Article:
Regardless of their industry, many clients come to Leopard because they’re struggling to get their Sales and Marketing teams on the same page. Or, in some cases, seemingly even on the same planet. While there may be numerous reasons why this gap exists, one thing is crystal clear—organizations that figure out how to bridge the gap hold a significant advantage in today’s hypercompetitive marketplace.
Sales and Marketing teams have different ways of reaching and interacting with existing customers and prospects. As they set about nurturing the rich relationships so pivotal in landing the customer’s business, they go through different channels, use different tools and means. As it should be.
The trouble starts when Sales and Marketing engage—usually unwittingly, occasionally not—in a virtual tug-of-war over the hearts and minds of customers. The messages and interactions customers receive can quickly become disjointed, inconsistent and even outright contradictory.
Thing is, your customers probably don’t know and certainly don’t care if they’re engaging with Sales or Marketing. They’re simply engaging with your brand. What they do care about is whether their interactions with your organization are relevant and satisfying… and that you deliver the kind of experiences that help them do their jobs and achieve their goals.
That’s why every interaction and every message they have with your brand—regardless of its origin—must remain utterly consistent and true to your brand’s promise and value. The simple fact is, to achieve the goals they both seek, Marketing and Sales need each other.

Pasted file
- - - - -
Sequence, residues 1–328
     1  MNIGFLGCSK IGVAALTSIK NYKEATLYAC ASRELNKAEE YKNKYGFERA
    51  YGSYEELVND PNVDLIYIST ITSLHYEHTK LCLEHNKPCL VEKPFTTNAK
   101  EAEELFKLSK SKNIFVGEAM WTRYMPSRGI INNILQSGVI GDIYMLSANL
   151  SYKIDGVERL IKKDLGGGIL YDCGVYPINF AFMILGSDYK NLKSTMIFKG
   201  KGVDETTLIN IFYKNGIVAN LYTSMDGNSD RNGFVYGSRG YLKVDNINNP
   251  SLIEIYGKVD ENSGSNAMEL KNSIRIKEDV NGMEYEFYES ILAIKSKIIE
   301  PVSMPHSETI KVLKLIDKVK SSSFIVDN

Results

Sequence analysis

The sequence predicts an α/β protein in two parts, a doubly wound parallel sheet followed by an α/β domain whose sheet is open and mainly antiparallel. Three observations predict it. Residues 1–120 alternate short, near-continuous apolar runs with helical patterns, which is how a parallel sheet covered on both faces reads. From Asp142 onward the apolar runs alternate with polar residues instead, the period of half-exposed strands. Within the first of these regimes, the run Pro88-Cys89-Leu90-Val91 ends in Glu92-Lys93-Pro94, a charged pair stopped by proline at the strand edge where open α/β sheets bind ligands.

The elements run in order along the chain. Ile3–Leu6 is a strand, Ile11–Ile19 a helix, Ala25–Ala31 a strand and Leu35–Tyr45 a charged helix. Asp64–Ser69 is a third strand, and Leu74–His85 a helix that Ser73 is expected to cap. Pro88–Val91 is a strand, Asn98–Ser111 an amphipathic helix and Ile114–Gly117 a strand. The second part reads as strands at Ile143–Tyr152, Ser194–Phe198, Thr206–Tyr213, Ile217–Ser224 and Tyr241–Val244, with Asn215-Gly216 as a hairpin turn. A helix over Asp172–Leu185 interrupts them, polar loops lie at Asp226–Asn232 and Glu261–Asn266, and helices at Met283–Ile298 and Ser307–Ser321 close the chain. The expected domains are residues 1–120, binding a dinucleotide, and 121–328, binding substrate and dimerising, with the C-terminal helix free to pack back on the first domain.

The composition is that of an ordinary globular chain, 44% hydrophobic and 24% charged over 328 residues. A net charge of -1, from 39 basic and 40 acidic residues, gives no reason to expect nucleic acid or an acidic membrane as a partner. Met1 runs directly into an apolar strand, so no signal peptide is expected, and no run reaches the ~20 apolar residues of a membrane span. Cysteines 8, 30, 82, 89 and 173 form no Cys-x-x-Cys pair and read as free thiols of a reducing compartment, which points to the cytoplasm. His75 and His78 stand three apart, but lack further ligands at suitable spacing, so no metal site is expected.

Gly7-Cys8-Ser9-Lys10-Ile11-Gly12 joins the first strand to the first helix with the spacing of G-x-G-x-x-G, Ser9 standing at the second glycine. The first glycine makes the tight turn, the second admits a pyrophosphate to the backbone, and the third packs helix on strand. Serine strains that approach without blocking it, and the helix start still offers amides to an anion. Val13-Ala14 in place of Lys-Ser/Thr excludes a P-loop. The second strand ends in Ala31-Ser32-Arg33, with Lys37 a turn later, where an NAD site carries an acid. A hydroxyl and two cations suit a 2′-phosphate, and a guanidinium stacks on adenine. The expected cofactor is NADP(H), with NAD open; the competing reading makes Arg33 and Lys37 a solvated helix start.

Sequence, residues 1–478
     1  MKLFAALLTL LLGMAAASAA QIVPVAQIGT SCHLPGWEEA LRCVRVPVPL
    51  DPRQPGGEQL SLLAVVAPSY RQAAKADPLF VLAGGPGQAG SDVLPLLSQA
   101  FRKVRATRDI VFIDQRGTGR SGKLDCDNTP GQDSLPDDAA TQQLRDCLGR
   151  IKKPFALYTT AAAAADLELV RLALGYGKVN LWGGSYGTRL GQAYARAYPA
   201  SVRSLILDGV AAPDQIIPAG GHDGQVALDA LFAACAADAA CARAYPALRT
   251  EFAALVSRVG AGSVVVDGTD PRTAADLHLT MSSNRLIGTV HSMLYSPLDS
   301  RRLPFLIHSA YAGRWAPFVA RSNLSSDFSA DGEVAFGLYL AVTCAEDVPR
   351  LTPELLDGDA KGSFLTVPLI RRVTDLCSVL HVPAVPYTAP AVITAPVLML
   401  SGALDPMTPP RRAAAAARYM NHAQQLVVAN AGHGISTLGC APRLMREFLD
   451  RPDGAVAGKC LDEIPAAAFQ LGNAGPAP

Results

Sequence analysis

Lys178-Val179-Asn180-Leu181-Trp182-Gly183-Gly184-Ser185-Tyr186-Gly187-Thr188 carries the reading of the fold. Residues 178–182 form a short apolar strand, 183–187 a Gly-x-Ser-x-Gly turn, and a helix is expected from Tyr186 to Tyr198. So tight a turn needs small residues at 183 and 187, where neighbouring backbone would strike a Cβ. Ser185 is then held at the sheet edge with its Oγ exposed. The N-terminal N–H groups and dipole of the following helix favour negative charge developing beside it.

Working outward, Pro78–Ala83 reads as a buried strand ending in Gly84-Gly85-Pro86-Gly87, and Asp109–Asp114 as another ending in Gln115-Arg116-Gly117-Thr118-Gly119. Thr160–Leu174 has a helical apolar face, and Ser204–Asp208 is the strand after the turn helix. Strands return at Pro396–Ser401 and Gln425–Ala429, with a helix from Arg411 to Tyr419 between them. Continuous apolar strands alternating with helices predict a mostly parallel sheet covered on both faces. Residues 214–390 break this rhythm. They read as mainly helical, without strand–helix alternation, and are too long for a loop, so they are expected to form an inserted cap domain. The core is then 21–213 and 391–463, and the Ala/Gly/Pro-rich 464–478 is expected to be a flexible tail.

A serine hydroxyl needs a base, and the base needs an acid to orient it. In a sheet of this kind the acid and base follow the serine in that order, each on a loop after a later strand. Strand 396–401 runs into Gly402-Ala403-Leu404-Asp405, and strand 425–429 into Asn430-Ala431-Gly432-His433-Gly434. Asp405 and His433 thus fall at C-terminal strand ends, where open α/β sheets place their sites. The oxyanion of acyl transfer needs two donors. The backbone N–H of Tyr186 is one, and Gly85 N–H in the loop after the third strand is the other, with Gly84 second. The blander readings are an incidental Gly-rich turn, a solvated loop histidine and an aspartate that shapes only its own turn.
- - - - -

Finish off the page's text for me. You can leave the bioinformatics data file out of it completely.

Take a quick example. Say you’re a B2B Marketing pro. You’re likely to be increasingly responsible for proving the ROI for your campaigns and other marketing activities. If your organization has a complex sales cycle and narrative that customers need to navigate before they’re ready to purchase, you’ll need Sales’ perspective on the results of your efforts: What did customers respond to most positively? Did they close the deal? How long did it take? After all, you can’t help fix what you don’t know is broken.
Conversely, as a Sales pro, you need Marketing’s insight on where your portfolio most likely converges with your customer’s needs. Then, put it to the test. When it seems off, don’t just say “That’ll never work.” Try it. And then communicate with Marketing to help them tune their efforts by identifying gaps and sharing where the insights and messages missed the target. By doing so, you can shorten the sales cycle and lower the cost of each deal.
So, how do you begin getting Marketing and Sales to get their shirt together? Here’s a few tips:
Meet regularly: Seems obvious, yet for many organizations, it rarely happens. And that’s a real missed opportunity to share results, exchange ideas…and to simply get to know each other, which is often the quickest way to build trust and accountability.
Integrate technology: A common challenge for siloed business units, using the same platform can make it far easier to hand off qualified prospects in a seamless manner. This is a boon for customers as well, who expect a single experience when dealing with your brand.
Ensure messaging consistency: Regardless of who is delivering it, your brand message must be the same. For Marketers, that means being flexible and open to feedback. For Sales, that means an end to creating your own materials—instead, tell Marketing what you really need and work with them create it.
The sooner you start, the sooner you’ll begin to see real results. And remember—Sales and Marketing are in this shirt together.